After ambitious single-payer healthcare plans sputter, a new California bill tries an incremental approach

A 12-year-old patient's finger is attached to a pulse monitor in a hospital.
A 12-year-old patient in the emergency department at Loma Linda University Children’s Hospital in December..
(Francine Orr / Los Angeles Times)

A new bill introduced in the California state Senate aims to lay the groundwork for a state universal healthcare system, proposing an incremental approach that departs from recent sweeping, and unsuccessful, efforts to reshape how Californians receive care.

Under the measure by state Sen. Scott Wiener (D-San Francisco), California would begin the process of seeking a waiver from the federal government to allow Medicaid and Medicare funds to be used for a first-in-the-nation single-payer healthcare system.

“In the wake of COVID-19’s devastation, and as costs for working people have skyrocketed, the need to provide affordable healthcare to all Californians has never been greater,” Wiener said in a statement. He touted his measure as making “tangible steps on a concrete timeline toward achieving universal and more affordable healthcare in California.”


The legislation would require California’s health secretary to offer recommendations on crafting the federal waiver by June 1, 2024.

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Proponents say single-payer healthcare — which would cover every California resident and be financed entirely by state funds (including repurposed federal dollars) — is more efficient than our current system, in which available care and cost is dependent on whether a person has private insurance, is enrolled in a public plan such as Medi-Cal or is uninsured.

Universal healthcare is a leading priority for progressives, who have rallied around the “Medicare for all” plan championed by Sen. Bernie Sanders (I-Vt.) during his two presidential runs. A 2017 California bill to establish a single-payer system cleared the state Senate, but it was shelved by Assembly Speaker Anthony Rendon (D-Lakewood).

The setback galvanized the left wing of the Democratic party, which saw single-payer as a litmus test for political candidates, and Gov. Gavin Newsom embraced the cause during his 2018 campaign.

On his first day in office in 2019, Newsom asked Congress and the White House, then occupied by President Trump, to change federal laws that would enable California to pursue a single-payer system.

But Newsom has put more focus on expanding coverage in California for people living in the country illegally. Meanwhile, his 2019 budget created a commission to explore the steps to achieve a universal healthcare system; that panel issued its final report last year.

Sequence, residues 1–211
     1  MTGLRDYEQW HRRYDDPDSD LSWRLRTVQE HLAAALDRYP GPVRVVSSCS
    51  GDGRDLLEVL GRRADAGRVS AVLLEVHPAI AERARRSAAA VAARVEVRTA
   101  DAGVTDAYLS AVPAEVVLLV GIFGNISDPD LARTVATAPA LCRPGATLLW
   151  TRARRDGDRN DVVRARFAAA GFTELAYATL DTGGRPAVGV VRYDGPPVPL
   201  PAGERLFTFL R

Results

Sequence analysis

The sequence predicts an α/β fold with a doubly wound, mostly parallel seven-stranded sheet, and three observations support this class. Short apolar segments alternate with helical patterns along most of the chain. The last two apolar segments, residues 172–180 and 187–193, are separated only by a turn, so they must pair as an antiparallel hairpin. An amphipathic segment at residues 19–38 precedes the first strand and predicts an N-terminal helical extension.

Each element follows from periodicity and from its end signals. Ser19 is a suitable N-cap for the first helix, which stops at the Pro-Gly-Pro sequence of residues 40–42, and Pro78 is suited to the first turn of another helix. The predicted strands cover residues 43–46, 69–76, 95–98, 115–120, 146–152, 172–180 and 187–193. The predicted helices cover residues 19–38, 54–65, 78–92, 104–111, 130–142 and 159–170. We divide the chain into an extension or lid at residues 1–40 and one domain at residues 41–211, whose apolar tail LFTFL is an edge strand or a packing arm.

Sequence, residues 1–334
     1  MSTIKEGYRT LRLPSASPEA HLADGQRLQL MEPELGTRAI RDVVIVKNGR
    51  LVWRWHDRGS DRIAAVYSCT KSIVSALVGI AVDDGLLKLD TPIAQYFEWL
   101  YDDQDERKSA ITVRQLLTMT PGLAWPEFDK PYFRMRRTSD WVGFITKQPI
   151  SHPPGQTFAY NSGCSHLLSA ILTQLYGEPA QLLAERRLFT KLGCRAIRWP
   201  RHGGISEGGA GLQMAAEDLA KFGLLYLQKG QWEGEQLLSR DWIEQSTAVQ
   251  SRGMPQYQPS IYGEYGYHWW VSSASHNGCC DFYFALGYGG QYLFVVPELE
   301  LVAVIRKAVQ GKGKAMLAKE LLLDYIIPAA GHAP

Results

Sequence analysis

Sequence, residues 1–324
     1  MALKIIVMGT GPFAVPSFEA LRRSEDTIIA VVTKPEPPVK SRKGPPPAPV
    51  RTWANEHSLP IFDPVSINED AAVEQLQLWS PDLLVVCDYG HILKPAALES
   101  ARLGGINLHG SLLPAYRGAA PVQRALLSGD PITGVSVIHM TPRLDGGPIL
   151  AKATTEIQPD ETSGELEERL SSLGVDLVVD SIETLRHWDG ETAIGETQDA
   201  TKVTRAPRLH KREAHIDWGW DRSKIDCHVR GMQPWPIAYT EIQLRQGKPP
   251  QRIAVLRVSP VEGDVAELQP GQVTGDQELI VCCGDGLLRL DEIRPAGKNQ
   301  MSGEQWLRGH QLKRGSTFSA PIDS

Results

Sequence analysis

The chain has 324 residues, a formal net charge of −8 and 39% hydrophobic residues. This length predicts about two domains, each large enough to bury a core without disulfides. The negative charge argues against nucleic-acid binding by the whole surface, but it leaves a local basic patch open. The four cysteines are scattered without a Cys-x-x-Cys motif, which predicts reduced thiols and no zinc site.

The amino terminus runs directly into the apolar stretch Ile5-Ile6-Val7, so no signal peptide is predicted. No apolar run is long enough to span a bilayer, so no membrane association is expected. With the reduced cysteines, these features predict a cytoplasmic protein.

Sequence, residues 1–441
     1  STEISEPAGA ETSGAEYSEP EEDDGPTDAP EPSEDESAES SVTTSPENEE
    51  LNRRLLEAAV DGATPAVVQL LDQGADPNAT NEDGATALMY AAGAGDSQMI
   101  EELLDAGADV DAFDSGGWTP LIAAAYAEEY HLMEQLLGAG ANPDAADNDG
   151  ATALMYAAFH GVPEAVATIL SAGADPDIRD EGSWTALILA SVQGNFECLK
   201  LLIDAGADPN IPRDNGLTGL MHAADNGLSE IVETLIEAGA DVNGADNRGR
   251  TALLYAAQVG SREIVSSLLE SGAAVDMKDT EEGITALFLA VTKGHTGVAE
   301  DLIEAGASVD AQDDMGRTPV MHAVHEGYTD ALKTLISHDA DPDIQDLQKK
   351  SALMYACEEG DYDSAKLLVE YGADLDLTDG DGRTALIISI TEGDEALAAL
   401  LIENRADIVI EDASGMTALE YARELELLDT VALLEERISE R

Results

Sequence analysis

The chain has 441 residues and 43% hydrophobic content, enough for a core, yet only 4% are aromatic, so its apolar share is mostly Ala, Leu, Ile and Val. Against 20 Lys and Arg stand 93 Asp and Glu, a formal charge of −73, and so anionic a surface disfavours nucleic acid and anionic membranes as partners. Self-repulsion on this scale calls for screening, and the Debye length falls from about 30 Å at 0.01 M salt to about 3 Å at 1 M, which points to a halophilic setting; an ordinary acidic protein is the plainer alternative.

Newsom declined to weigh in on the last major legislative push for single-payer, a bill by Assemblyman Ash Kalra (D-San Jose). That measure was abruptly pulled by Kalra last year after fellow Democrats balked at the price tag, which ranged from an estimated $341 billion and $391 billion.

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The primary advocate of a single-payer system, the California Nurses Assn., slammed Kalra for refusing to put the bill up for a vote on the Assembly floor. But they are partnering with Kalra again this year on a renewed effort to pass a universal healthcare system, which they dubbed CalCare.

Kalra’s bill is sparse on details at the moment, signaling that the bill’s sponsors anticipate an extended campaign to boost support both among legislators and with grassroots activists. The nurses’ union is sponsoring 45 events across California this weekend to rally support for its effort.

Wiener’s legislation takes a decidedly more modest tack, focusing solely on the federal waiver process. Sal Rosselli, president of the National Union of Healthcare Workers and a supporter of the bill, said this approach reflects lessons learned from the failure of two hotly contested, more comprehensive measures.

“From my point of view, this is not controversial at all,” Rosselli said. “Our governor, the administration, the Senate, the Assembly, the majority of our elected leaders are in support of this system to fix our healthcare.”

Still, he acknowledged that fierce opponents of single-payer — largely the major healthcare industry interests — may feel differently.


“I don’t expect the industry to support this on any level whatsoever,” he said.

Preston Young, a policy advocate for the California Chamber of Commerce, signaled that the business group was wary of the plan.

“Regardless of the incremental approach, the fact remains that a single payer healthcare system operated by the state will cost taxpayers hundreds of billions of dollars on an annual basis,” Young said.